It’s not neat, it’s not easy, it’s not a once in every three or four years thing.
In case you haven’t been paying attention, the Occupy movement is not about politics as usual. It’s not about left or right. The political class has complained that it doesn’t understand what the movement wants.
Let me make it easy for you. The movement wants power. It wants to take the power from the political class and those that pay for the political class to do its bidding and give the power back to the people. What the movement wants is direct democracy. Power concedes nothing without demand.
Direct democracy is democracy without politicians. Or rather we all become politicians. Your interests are no longer represented by a politician or a political party. You vote directly. Direct democracy is pure democracy. Think of it as network democracy for the network age. Real democracy.
Forget parliament, drop congress, goodbye senate, you make the call. Hell, it’s your government anyway. Your taxes pay for it. Why should politicians have all the fun? (You want a slogan? How about no taxation without participation.)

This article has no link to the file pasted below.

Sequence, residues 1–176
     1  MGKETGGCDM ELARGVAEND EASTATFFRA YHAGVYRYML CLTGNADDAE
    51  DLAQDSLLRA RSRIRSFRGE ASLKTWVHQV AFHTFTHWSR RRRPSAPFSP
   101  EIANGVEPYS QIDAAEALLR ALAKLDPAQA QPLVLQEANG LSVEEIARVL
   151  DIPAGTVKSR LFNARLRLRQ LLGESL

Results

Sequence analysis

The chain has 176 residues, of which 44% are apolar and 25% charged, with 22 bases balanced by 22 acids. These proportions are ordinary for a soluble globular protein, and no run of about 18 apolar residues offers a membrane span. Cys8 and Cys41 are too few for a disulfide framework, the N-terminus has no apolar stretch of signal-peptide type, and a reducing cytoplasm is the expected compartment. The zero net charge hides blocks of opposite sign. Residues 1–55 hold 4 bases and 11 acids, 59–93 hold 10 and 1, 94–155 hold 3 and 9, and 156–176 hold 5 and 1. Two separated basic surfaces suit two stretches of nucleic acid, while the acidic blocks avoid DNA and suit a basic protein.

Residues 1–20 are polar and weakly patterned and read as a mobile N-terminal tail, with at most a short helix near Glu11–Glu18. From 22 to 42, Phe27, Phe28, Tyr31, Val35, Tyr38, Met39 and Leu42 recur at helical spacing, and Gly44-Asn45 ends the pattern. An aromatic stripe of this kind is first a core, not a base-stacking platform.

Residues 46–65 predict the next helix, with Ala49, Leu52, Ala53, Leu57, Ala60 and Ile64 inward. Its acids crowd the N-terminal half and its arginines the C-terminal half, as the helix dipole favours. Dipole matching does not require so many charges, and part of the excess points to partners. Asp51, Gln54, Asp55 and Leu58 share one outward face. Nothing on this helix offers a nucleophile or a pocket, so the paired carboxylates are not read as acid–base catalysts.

Direct democracy is the natural evolution of the present political system. Politics today is driven by polls. Just take it the next stage and automatically poll votes from everyone who pays tax, remove the political class and get on with it. No more parties, no more lobbyists, no more gridlock. Better yet, no more corruption.
Now a lot of political pundits will shake their heads slowly and tell you that direct democracy won’t work, that it reduces politics to mob rule.
Ah, yes, mob rule. “The Crowd: A Study of the Popular Mind” was written by French intellectual Gustave Le Bon in 1896. This is a man who never met a crowd he didn’t like. Le Bon was a conservative, distrustful of fashionable democratic ideas of the times. According to Le Bon, in a crowd a man became a barbarian. Nice.
More than a hundred years later, this prejudice still sticks. Which is weird because it’s not even true.
John Drury, a psychologist at Sussex university who studies crowd behavior, finds the idea that crowds induce irrational action and erase individuality just isn’t supported by the evidence. First, most crowds aren’t violent. The crowd in the shopping mall or at a music festival is usually calm and ordered. Even crowds that include conflicting groups like at football matches are more likely to be peaceful than not. Second, even when crowds do turn violent, they aren’t necessarily irrational.
Panic? What panic? Fifty years of research has shown no evidence of panic behavior in crowds, even in emergencies. Help and co-ordination and co-operation is a universal phenomenon in emergencies. We are biologically predisposed to help one another. It’s how we’re made at a molecular level.
The crowd is not the problem.
The crowd is the solution.